I don’t watch an awful lot of television these days – with one or two honourable exceptions, I tend to wait for big shows to make it onto dvd and blast my way through an entire series in a couple of weekends. I put it down to having an incredibly short attention sp… what was I saying?

Anyway. My latest discovery is twofold.

Firstly, that somewhere along the line, I’ve become quite a fan of modern war films.

This is something of a surprise to me–because however much I waffle on about guns–or write about them–I’m very aware of the fact that this is in a fantasy context. If you dropped a gun in my lap, I’d probably back away…. extremely…. carefully. Because I’m not crazy. (Although yes, I have handled a few. And discharged them. Insert usual disclaimers about proper environment, qualified supervision etc etc etc). Real guns scare the living bejeesus out of me, as well they should. So. To get back to my point: wasn’t expecting to discover I actually enjoy war films.

This leads me on to the second part of my discovery: Generation Kill.

Based on the book by Rolling Stone writer Evan Wright, who was embedded with the 1st Reconnaissance Battalion of the US Marines in Iraq during the 2003 invasion, the series went out on HBO a few years ago (and before Alexander Skarsgard became better known for ripping hearts out instead of shooting people through them…)

It’s occasionally uncomfortable to watch: made all the more so when you remember that although it’s been filtered by two media, this is a real story with real events and–most importantly–real people. It doesn’t help that after a while, you find yourself increasingly remembering “Catch-22“…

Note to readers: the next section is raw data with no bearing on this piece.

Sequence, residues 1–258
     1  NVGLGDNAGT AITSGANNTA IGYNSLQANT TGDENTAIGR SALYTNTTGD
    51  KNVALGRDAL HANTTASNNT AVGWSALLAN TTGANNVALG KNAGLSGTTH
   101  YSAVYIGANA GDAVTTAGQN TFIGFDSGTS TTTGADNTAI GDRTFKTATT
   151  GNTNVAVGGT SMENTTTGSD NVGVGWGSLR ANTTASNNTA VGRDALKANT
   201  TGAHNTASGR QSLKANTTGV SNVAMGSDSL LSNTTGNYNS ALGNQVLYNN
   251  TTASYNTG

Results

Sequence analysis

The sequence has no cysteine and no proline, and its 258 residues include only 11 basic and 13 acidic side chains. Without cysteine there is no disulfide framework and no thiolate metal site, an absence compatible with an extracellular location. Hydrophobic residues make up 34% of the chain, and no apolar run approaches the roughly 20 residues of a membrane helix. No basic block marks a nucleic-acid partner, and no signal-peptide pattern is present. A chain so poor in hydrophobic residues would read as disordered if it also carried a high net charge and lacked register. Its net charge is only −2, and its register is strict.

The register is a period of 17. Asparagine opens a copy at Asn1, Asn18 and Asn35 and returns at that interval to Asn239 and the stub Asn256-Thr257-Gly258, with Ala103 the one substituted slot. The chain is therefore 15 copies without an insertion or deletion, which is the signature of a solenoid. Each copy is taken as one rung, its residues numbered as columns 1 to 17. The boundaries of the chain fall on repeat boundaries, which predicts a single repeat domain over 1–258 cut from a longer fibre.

On the other hand, it’s funny as hell: dark and snappy and with dialogue that’s pin-sharp (and apocalyptically sweary) and I absolutely love it.

Get some.

The Girls’ Guide to Surviving the Apocalypse

I mentioned briefly before that I’ve been recruited by the amazing Adele, who runs Un:Bound (when she’s not kicking seven bells out of her kickboxing training buddies or generally taking over the world…) as one of the Apocalypse Girls.

We do cheery things like discuss how to survive an undead apocalypse, how to fight zombies, where you should shelter when the Bomb drops, what weapon goes best with a clutch bag, fashion for Fall / nuclear winter…. all those things you always wanted to know but were afraid to ask.

Well, now you can ask us.

This week on the Guide, it’s movie week. So as well as talking about how to grow your own food (provided it’s not brains), we’re posting some of our favourite apocalypse movies.

I’ve just posted two of mine: The Core and The Day After Tomorrow, so if you head on over to the blog, you can join in and tell us what you think of these particular apocalypses. Apocalypsi. Apocalypso.

Whatever.

Terry Pratchett & the Sword Made of Stars

The winner of this week’s “Ohmigodthat’sincrediblycool” award is none other than Sir Terry Pratchett–who, on gaining his knighthood, went off and made a sword. Out of stars.

Alright, meteorites. And some other stuff.

But still… Made. A. Sword.

Isn’t it shiny?

The author, 62, who has sold about 65 million copies of his books, which include the Discworld series, said: “Most of my life I’ve been producing stuff which is intangible and so it’s amazing the achievement you feel when you have made something which is really real.”

I think my favourite part of this story is not that he’s thrown a few bits of meteorite in there (although I do love the suggestion he’s got hundreds of them cluttering up the house, rather like we have dust bunnies at Morgan Towers) but that he smelted the ore himself in a lo-fi kiln, the way it would have been done in the days it was believed swords had souls.

I don’t know about all the others, but I’m pretty certain that sword has soul to spare.